Database Management System
Record- keeping is one of the functional areas in every organization regardless of its size. Effective management of these records is very important for the efficiency of the organization’s functionality. The concept of databases has been embraced in most organizations because of its numerous benefits. A database is a collection of information about an organization stored in a central location where different people can access concurrently. The shared ability is made possible by use of Database Management System (DBMS) which is a collection of related data and programs that allows quick and efficient retrieval of data stored in a database. Benefits of using a database Management System
With a DBMS, keeping the same type of information in different sections of an organization is greatly reduced. This is because the information can be accessed from a centralized place thus avoiding data duplication. A DBMS help curb the inconsistencies that occur when changes are made to data stored in one location and not applied in other locations where the same data is kept. Sharing of data in organization is one of the benefits of a DBMS, thus saving on storage space and allowing concurrent access of data. Because a DBMS has central control of data, it is possible to apply standards as required by an organization to data kept in a database. Another benefit which an organization gets by using a DBMS is the security of its data. Use of authorization checks, Access levels, audit trails are some of the security mechanisms employed by a DBMS. Lastly, accuracy of data kept in the database is maintained when using a DBMS. This accuracy is achieved because a DBMS ensures that the quality if information from the sysstem can be trusted (Seema 2007)
Drawbacks of flat file systems, such as Excel and Text files, for storing data Use of flat files for record keeping has its challenges in that data in the database are not related to each other therefore not leading to
redundancies. There is difficulty in locating a particular record in Flat files because they do not have unique keys that identify records in a database therefore making data retrieval a hard task. Multiple access in flat files is not supported unlike DBMS whereby concurrency is an outstanding feature. Security of data in flat files is not guaranteed since it’s not easy to enforce security measures in flat files. Data in flat files are not consistent as compared to a DBMS because there is no relationship between the data. Data stored in flat files lack integrity because of difficulties in completeness (Rajesh 2011) Requirements Elicitation Techniques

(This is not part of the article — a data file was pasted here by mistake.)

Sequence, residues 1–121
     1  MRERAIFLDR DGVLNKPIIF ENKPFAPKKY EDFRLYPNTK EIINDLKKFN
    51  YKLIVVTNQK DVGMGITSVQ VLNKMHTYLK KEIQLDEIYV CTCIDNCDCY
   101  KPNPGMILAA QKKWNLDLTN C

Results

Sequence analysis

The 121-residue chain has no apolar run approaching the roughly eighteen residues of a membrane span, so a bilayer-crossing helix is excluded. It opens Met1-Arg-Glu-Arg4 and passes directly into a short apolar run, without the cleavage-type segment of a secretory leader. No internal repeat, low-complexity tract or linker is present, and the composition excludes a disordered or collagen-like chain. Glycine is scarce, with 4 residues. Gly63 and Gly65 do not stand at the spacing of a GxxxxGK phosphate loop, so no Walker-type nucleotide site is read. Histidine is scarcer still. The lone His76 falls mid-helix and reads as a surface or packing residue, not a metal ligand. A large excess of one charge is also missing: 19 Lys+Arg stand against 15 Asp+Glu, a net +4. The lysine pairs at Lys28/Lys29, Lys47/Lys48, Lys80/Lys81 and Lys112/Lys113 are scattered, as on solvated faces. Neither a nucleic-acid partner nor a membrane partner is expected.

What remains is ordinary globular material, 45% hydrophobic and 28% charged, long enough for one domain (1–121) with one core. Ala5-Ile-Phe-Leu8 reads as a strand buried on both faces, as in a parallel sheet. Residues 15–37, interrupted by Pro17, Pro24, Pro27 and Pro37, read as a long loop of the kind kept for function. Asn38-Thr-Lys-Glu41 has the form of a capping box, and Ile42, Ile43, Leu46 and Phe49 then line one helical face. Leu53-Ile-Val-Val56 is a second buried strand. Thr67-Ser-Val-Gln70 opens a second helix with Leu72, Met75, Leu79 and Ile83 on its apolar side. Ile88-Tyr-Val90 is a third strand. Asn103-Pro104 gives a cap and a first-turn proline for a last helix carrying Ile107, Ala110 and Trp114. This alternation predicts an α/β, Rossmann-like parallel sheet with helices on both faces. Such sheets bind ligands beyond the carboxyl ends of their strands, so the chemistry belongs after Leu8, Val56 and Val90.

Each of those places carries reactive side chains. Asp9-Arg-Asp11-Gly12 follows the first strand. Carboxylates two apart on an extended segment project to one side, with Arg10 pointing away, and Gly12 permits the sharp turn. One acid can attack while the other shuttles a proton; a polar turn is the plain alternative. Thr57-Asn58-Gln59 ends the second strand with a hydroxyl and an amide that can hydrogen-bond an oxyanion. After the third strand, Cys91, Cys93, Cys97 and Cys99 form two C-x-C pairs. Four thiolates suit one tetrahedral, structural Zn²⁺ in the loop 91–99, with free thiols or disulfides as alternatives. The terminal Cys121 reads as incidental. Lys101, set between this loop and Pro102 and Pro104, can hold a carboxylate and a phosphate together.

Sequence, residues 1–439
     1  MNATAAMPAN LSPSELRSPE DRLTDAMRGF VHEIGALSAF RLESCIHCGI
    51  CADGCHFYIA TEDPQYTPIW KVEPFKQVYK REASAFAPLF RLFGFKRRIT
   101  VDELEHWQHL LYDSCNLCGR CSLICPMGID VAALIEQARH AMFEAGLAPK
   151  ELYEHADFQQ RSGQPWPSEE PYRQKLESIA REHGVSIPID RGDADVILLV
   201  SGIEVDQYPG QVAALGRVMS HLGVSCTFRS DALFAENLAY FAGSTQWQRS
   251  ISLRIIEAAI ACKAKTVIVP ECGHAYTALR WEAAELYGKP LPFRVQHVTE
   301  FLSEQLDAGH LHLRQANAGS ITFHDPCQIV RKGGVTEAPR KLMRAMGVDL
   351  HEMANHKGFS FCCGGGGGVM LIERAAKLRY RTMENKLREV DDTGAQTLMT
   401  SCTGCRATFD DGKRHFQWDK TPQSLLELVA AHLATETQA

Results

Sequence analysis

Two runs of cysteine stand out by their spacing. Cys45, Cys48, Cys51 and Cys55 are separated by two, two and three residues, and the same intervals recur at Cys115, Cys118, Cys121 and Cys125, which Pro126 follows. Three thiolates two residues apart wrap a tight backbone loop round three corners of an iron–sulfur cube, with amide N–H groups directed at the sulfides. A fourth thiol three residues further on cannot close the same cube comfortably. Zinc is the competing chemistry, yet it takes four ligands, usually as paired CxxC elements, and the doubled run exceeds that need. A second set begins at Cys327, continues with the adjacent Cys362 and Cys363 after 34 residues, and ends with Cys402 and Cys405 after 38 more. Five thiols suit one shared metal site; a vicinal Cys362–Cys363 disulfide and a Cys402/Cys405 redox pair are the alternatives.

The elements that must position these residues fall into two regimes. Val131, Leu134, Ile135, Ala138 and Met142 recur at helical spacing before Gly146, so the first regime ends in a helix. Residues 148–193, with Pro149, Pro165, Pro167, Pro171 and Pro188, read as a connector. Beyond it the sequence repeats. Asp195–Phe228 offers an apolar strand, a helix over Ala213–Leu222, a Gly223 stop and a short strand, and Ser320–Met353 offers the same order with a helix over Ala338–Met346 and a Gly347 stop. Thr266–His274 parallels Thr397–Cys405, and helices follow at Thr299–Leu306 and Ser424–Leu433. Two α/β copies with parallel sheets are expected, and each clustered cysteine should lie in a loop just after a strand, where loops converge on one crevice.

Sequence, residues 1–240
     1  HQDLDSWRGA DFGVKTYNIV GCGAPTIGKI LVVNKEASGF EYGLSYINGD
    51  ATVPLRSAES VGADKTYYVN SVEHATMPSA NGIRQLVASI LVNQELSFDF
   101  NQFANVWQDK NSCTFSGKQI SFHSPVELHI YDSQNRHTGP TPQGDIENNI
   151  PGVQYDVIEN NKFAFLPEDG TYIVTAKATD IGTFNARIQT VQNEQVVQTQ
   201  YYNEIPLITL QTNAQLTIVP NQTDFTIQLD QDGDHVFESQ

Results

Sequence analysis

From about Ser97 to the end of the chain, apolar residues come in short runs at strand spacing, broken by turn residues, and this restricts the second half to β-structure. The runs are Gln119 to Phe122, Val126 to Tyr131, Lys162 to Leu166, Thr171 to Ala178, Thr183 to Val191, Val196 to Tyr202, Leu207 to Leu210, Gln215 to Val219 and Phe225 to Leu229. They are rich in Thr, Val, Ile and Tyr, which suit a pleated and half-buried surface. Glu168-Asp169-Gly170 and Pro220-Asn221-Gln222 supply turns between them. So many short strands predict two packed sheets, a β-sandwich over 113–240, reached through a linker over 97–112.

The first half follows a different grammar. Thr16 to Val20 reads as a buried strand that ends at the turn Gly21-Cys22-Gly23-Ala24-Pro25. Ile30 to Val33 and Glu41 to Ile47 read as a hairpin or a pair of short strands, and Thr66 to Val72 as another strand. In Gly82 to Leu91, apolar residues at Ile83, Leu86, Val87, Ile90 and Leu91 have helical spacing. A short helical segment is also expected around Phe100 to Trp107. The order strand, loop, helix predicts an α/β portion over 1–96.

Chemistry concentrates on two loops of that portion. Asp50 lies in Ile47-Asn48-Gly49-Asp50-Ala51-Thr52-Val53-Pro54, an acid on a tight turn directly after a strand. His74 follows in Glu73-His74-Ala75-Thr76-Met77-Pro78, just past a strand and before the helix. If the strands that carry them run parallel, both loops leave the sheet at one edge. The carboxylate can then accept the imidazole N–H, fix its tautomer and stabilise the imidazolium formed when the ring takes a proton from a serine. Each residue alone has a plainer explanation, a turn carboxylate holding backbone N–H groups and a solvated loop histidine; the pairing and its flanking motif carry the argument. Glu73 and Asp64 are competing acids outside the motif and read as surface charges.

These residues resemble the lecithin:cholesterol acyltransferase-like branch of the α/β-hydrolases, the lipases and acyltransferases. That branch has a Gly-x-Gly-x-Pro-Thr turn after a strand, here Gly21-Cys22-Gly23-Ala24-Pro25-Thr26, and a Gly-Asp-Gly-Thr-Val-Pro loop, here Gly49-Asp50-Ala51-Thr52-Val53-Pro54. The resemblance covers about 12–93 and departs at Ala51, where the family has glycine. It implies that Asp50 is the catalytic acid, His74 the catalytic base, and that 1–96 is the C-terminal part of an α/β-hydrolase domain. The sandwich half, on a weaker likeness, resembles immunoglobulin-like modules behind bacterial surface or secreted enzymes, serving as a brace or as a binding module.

Requirements elicitation is a term that is used in requirements engineering that means gathering or extracting requirements from stakeholders like clients before a database is developed. For this exercise to be effective, some techniques are applied. One of the techniques used is interviewing the stakeholders. The analyst uses a list of guiding questions to elicit requirements from the user. This technique is applicable to single or group of people. Workshops can be conducted to act as a means of requirements elicitation technique. System analysts and the clients are able to discuss issues relating to the development of the database. Another technique is by reviewing the existing documentation on the systems and the stakeholders’ requirements. This gives insight to the analyst on how the old system is before the development of the new system (Hossenlop and Hass)
Hossenlopp, Rosemary, and Kathleen B. Hass. Unearthing Business Requirements: Elicitation Tools and Techniques. Management Concepts, 2007. Kedar, Seema. Database Management Systems. Technical Publications, 2007. Narang, Rajesh. Database management systems. PHI Learning Pvt. Ltd., 2011.